Ryan Malone won't feel bad if the Pittsburgh Penguins win the Stanley Cup this season. In fact, he's rooting for them.
Malone was a big part of the Penguins for four seasons, helping them to the Stanley Cup Final last year. The Pittsburgh native grew up watching the Penguins of Mario Lemieux, Jaromir Jagr, Ron Francis and Rick Tocchet. His dad, Greg, had starred for the Penguins in the 1970s and held a front-office position for many years, including Malone's first couple seasons.
But Malone, 29, was a free agent last summer, as was the Penguins' late-season addition, Marian Hossa. Signing Hossa was the team's No. 1 goal and all other decisions had to await the outcome of that matter. The Penguins realized Malone wasn't going to wait on the Hossa matter and would test free agency.
So, they traded him to the Tampa Bay Lighting, with Gary Roberts, for a conditional pick in the 2009 Entry Draft.
The Lighting subsequently gave Malone a seven-year contact and he had a pretty good season in 2008-09. Malone had 26 goals and 45 points in 70 games, very similar to the year before when he had 27 goals and 51 points in 77 games. But the Lightning struggled mightily. So, Malone is watching the playoffs and rooting for the Penguins and his old teammates Sidney Crosby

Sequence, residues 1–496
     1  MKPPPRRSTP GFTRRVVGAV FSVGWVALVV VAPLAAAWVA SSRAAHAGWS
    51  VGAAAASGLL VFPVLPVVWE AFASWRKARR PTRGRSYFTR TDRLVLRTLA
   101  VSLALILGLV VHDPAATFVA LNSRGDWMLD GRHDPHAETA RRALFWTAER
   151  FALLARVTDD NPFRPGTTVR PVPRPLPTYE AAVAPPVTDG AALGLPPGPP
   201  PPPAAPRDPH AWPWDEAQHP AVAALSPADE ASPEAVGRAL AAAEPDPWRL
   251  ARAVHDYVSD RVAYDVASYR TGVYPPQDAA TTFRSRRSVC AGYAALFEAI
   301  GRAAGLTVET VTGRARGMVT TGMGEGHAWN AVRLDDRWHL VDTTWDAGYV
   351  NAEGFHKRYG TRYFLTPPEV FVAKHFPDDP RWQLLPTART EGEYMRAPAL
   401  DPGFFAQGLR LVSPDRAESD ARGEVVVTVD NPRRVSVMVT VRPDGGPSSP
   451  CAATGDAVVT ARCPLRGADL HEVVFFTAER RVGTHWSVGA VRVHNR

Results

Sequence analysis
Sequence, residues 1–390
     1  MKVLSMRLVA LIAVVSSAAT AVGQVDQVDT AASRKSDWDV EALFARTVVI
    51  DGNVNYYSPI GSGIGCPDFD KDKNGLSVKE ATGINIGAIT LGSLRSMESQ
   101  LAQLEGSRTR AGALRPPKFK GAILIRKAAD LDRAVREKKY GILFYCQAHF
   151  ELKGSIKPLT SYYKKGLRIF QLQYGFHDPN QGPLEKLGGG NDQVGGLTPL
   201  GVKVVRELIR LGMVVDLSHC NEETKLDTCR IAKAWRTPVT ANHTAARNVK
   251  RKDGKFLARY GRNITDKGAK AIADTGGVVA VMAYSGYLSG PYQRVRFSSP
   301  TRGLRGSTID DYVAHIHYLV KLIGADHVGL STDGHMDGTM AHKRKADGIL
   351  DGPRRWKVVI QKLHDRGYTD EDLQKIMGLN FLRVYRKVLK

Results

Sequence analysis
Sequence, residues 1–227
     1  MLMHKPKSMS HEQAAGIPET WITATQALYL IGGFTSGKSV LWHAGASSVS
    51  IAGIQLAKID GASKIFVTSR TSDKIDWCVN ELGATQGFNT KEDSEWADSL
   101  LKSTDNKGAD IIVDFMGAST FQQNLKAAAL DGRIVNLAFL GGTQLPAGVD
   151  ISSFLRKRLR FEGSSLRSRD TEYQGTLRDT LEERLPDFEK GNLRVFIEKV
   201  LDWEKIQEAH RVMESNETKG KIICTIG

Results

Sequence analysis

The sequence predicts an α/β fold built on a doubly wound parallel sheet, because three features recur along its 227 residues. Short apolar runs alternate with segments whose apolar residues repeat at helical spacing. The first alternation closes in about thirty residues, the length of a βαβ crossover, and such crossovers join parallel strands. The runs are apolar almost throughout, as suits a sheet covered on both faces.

, Max Talbot, Evgeni Malkin
and the others. They still talk and he has no regrets.
"No, not really, maybe if I waited to see if Hossa would have signed," Malone said. "No regrets. In life, everything happens for a reason. I still talk to them regularly and wish them luck. I watched their game (Monday) night. If they end up getting the job done this year, it would be great to see. I know those guys work hard, they're dedicated and I wish them the best."
Getting to the Stanley Cup Final last year was a huge thrill and a milestone for Malone, even if the Penguins lost to the Detroit Red Wings in six games. Malone, though, had an even bigger thrill and milestone in February when his wife, Abby, gave birth to William Ryan Malone. He had his family in mind as free agency approached.
"Definitely. I was just looking for a fair deal," Malone said. "Nothing like that came about. It wasn't too hard to twist my arm to go down to Tampa Bay. As a result, my family is going to be secure. I worked hard my whole life, sacrificing things along the way, to get where I am today. To have my family, my son and my wife, be secure in their future, makes a move like this a little easier."
Author: John McGourty | NHL.com Staff Writer